Google Patent Search: Wake Up Call for Derwent and TotalPatent

July 17, 2015

Patent documents are not something that high school students read. To be more accurate, patent documents are confections of legalese and engineering incantations read by those [a] paid to read them or [b] folks who have a dog in the fight.

The Google was not into patents in its Backrub days. That changed over time. Now the Google is inventing its way to a Great Wall of China patent fence.

Along the way, the Google hit upon the idea that some patent documents could be scanned and made searchable. The public version of the service became available in 2006. You can explore the collection at Google Patent Search.

After nine years of Google style evolution, the system includes US, European, and World Intellectual Property Organization documents.

The system returns results without ads. I ran a query for Sergey Bring and received this list of results. I noticed that some documents do not show a thumbnail of the document image. In my experience, some functions work; others do not. Glitch or feature?

I read “Google’s New, Simplified Patent Search Now Integrates Prior Art And Google Scholar.”

The write up points out that Google Patents includes information germane to the user’s query from Google Scholar and “results of Prior Art.” I read:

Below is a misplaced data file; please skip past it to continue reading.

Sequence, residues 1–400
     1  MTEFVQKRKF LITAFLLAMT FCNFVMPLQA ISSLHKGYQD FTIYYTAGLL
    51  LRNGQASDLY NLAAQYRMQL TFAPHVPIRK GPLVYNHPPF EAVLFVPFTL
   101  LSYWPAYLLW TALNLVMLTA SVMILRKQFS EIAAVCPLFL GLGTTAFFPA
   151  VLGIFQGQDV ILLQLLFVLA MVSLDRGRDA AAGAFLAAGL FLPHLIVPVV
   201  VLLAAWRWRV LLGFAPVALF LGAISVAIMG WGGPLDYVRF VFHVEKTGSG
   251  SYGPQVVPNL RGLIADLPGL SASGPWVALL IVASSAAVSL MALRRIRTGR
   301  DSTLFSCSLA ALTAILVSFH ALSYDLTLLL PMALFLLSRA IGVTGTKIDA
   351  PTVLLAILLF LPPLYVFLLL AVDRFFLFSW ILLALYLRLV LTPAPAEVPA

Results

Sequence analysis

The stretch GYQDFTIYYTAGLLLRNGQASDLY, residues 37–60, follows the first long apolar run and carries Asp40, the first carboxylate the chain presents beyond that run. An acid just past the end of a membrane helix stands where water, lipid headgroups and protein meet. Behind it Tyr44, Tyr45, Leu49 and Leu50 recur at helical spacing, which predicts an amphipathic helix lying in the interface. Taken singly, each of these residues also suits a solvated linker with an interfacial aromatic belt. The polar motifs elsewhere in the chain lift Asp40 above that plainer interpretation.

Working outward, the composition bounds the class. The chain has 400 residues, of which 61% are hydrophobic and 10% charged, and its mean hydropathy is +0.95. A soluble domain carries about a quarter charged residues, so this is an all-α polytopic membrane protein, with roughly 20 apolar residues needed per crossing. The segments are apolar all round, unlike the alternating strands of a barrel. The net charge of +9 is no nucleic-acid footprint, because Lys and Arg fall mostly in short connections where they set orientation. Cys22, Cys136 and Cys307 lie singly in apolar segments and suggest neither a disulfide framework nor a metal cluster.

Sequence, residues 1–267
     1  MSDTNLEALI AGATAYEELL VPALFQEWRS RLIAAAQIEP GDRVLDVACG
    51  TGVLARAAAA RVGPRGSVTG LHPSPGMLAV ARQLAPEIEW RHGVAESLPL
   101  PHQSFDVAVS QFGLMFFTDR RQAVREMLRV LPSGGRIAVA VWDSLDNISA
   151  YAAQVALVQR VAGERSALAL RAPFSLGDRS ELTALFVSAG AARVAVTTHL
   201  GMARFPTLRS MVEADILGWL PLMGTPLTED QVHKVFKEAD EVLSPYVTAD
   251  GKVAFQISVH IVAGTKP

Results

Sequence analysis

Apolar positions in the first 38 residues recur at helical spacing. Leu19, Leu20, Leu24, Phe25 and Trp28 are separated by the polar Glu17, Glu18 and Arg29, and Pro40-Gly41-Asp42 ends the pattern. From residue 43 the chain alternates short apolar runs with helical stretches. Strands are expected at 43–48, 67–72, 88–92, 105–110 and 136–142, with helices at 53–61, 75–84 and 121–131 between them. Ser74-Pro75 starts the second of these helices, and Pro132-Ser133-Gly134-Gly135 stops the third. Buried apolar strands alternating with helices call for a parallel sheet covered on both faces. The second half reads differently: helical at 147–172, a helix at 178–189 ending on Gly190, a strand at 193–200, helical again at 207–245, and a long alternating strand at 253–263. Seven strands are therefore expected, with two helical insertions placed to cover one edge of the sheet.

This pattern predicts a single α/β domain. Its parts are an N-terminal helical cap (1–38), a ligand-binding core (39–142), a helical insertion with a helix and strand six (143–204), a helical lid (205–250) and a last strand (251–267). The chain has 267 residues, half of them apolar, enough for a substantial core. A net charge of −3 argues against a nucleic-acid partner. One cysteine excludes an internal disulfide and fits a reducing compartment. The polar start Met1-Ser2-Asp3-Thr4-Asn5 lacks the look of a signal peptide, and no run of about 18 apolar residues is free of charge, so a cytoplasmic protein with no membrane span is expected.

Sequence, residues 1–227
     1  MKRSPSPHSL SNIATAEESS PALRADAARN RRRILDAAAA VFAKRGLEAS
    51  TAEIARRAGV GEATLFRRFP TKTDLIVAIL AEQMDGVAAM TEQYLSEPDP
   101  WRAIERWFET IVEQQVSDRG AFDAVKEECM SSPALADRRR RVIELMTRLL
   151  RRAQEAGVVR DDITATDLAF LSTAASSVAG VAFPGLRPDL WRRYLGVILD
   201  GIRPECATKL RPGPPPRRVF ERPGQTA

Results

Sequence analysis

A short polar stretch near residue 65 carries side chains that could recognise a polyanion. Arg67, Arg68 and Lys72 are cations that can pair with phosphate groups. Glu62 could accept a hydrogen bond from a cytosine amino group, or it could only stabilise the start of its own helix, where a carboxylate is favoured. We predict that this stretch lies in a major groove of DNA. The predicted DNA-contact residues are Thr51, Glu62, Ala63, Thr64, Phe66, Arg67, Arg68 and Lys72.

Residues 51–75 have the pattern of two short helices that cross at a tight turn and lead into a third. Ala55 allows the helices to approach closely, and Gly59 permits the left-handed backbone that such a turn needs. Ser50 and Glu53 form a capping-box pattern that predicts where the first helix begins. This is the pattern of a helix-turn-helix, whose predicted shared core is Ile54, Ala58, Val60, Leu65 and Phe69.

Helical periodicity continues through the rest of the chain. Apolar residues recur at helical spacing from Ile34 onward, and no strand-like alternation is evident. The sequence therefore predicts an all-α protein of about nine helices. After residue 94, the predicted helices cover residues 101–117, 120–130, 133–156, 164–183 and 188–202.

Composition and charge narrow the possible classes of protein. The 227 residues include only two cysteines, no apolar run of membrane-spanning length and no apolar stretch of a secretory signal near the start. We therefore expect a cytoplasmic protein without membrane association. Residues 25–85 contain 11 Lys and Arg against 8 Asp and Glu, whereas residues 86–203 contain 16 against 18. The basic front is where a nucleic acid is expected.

The idea is that the new patent search will be easier to use both by experts in the field as well as the general public to look for patents and related materials. Given the rising interest in safeguarding IP among developers and founders who may have never had to consider patents much before, this could prove to be especially useful.

When I click on a patent, I see additional options:


The “find prior art” button displays:


The service is likely to get some tire kicking by those interested in patents.

My take on the new service is that the Google may have an opportunity to generate some fresh revenues.

Patent searches conducted on the for fee services from Thomson Reuters and Reed Elsevier can be expensive. There are also some useful “free” services such as

The Google with a bit of effort can add some bells and whistles and charge for them. For the “free” crowd, the Google can continue to integrate open source content, not just books and references to scholarly literature. Prior art often has a generous embrace.

For the for fee crowd, the Google can add the types of entity functions, among other advanced features, that the for fee services offer.

In short, the Google may be looking at the hundreds of millions of revenue available from those with a must have motivation and add some functions that make advertisers sit up and take notice. Maybe the USPTO would consider the Google as a source for its search technology.

I see this development as an important one because the GOOG can make some waves in a market most humans know little about. Think of the ads the Google can run for student debt advice.

My question remains, “Why has Google been so slow to take advantage of market niches in which complacent competitors and providers of free services have been slow to innovate?”

Stephen E Arnold, July 17, 2015


One Response to “Google Patent Search: Wake Up Call for Derwent and TotalPatent”

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